Illustrated guide to water courses beside grassland
Natural England Technical Information Note TIN081
Practical guidance to help you manage watercourses and livestock in ways that will cause the least harm to water quality and wildlife.
Intensive grazing, poaching and other soil disturbance can damage water quality and aquatic environments. This Technical Information Note produced by Natural England provides useful tips to help you manage watercourses and nearby vegetation and livestock in the most beneficial ways. It also describes farming practices that could cause contamination of water (such as intensive grazing adjacent to rivers and stream and polluting water with runoff from manure heaps), and therefore should be avoided. There is specific information on ditches and practical guidance given on the ways in which they should be managed. This includes an illustration and description of an ideal ditch profile and illustrations of an ideal ditch network and one that should be avoided. It also includes various management tips to help you ensure that you maintain good water quality and minimise disturbance to plant and animal species.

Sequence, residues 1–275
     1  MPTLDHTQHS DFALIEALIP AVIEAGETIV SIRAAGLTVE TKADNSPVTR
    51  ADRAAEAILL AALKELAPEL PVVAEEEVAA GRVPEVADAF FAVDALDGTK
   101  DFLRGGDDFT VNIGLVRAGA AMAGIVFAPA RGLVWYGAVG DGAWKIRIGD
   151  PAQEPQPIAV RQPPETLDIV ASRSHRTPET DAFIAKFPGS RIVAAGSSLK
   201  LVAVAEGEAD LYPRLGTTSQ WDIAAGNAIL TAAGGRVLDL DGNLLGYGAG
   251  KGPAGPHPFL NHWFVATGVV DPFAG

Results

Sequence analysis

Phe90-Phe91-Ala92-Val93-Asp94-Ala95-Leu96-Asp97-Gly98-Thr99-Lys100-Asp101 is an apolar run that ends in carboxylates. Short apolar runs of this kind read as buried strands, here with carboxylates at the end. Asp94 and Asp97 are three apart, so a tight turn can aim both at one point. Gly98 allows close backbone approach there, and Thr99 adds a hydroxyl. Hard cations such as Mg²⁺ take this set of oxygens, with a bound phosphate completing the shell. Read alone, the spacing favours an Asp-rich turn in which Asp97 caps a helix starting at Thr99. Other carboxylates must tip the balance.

Findings & recommendations
- Intensive grazing, poaching and other soil disturbances can lead to water being contaminated with sediment containing soil, nutrients and pesticides.
- Vegetation can help stabilise stream and riverbanks and act as a barrier, preventing sediment from entering watercourses.
- Careful grazing management can help reduce soil compaction and surface water run-off. Keep intensive grazing and feeding sites away from watercourses and do not locate manure heaps where there is a risk of runoff polluting water.
- If you want your livestock to receive their water supply from a nearby watercourse, it is recommended that you install water troughs, drinking bays or stock operated pasture pumps.
- Keeping your livestock out of watercourses will reduce bacterial contamination. If your livestock frequently crosses a watercourse, consider restricting their access by installing stream culverts and fencing.
- Light grazing of ditches can help control coarse grasses, maintain open water and create trampled areas for plants and insects. However heavy grazing and poaching of margins should be avoided.
- Ditches should be cleaned out on rotation so that they represent a range of conditions i.e. recently cleared, well vegetated, and silted. To minimise disturbance to plants and animals, it is recommended that you carry out any work on ditches in the autumn.